Scientists believe they have developed technology that can spot osteoarthritis (OA) at its earliest stages – even before it begins causing joint damage. The detection method, which was reported at the annual meeting of the American Chemical Society in Philadelphia, could also lead to a better understanding of how the disease is initiated and the development and testing of new treatments to stop it, says Alexej Jerschow, PhD, whose lab at New York University developed the new test.

Traditionally, an osteoarthritis diagnosis is made only after joint pain and stiffness becomes persistent and an X-ray shows damage to the joint cartilage. By that time, damage is usually severe. Treatment, at that point, addresses only the symptoms. It does little to slow the disease, which is often relieved only by total joint replacement. “To make a difference you would have to intervene at an early stage, but to be able to intervene at an early stage you would have to be able to diagnose it an early stage,” says Jerschow.

The new method – an osteoarthritis MRI of sorts – uses a modified form of magnet resonance imaging to determine the concentration of molecules known as glycosaminoglycans (GAGs) in the joint cartilage. GAGs are responsible for many of the mechanical properties of cartilage tissue, including its toughness and elasticity. “One of the things that is known is that the concentration of GAGs goes down in [osteoarthritic cartilage],” says Jerschow. “But the reason for this is not really known.”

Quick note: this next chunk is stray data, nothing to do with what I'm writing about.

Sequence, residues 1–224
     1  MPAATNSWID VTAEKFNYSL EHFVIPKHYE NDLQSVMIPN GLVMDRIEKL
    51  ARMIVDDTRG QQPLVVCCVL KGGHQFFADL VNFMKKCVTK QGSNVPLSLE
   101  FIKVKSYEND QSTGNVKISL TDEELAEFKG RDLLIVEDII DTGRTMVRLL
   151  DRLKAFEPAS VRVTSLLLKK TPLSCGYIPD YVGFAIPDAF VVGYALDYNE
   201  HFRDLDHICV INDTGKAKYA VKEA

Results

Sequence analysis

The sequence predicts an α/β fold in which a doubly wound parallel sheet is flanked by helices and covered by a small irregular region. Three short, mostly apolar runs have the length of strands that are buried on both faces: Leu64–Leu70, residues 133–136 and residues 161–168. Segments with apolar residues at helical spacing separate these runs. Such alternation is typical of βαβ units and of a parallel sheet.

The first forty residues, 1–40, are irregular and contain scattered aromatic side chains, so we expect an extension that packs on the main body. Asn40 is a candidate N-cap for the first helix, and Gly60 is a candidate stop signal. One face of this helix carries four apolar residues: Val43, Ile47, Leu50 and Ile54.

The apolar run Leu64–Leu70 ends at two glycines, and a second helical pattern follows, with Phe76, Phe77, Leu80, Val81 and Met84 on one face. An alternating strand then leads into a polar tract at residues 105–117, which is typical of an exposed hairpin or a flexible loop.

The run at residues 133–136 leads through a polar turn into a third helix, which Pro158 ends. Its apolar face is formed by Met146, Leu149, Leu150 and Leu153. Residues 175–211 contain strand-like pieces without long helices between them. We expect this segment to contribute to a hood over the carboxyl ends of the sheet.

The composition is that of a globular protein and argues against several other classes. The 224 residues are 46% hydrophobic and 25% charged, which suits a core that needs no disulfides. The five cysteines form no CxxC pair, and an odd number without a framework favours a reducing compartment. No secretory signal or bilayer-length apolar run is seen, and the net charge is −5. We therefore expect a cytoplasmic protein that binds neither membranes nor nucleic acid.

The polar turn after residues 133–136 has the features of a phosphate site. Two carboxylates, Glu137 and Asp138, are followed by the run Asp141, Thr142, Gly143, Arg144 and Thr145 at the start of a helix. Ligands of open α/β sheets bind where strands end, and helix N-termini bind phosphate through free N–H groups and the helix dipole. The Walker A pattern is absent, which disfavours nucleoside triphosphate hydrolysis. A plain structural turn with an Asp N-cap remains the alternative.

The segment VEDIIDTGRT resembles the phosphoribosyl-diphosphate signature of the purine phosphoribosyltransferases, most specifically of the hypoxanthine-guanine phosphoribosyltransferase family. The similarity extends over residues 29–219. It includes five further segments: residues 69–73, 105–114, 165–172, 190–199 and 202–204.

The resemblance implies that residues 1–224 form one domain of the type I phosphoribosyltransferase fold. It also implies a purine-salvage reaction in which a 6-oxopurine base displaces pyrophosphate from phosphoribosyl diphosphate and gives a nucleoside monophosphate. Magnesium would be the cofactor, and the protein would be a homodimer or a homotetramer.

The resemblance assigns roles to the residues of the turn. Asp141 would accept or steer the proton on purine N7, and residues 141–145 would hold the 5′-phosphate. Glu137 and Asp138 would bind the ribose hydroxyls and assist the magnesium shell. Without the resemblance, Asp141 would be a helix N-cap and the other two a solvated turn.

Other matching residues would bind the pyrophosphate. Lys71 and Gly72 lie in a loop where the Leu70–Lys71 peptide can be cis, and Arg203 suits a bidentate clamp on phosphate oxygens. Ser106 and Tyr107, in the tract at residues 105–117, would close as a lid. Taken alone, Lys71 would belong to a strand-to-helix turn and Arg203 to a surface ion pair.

Jerschow believes the new technique could be available to patients in four to six years. “It’s not that long because it doesn’t require, for example, the administration of an agent. And it is not much more complicated than a traditional MRI,” he says.

The next step is to determine how effectively this osteoarthritis MRI will predict OA in patients and at which stage it will predict it, says Jerschow. “We want to look at patients characterized as being at risk for OA and monitor them over time.” Initially, that will involve people who already have arthritis in one joint, and monitoring GAG concentrations in the corresponding healthy joint to see if they drop.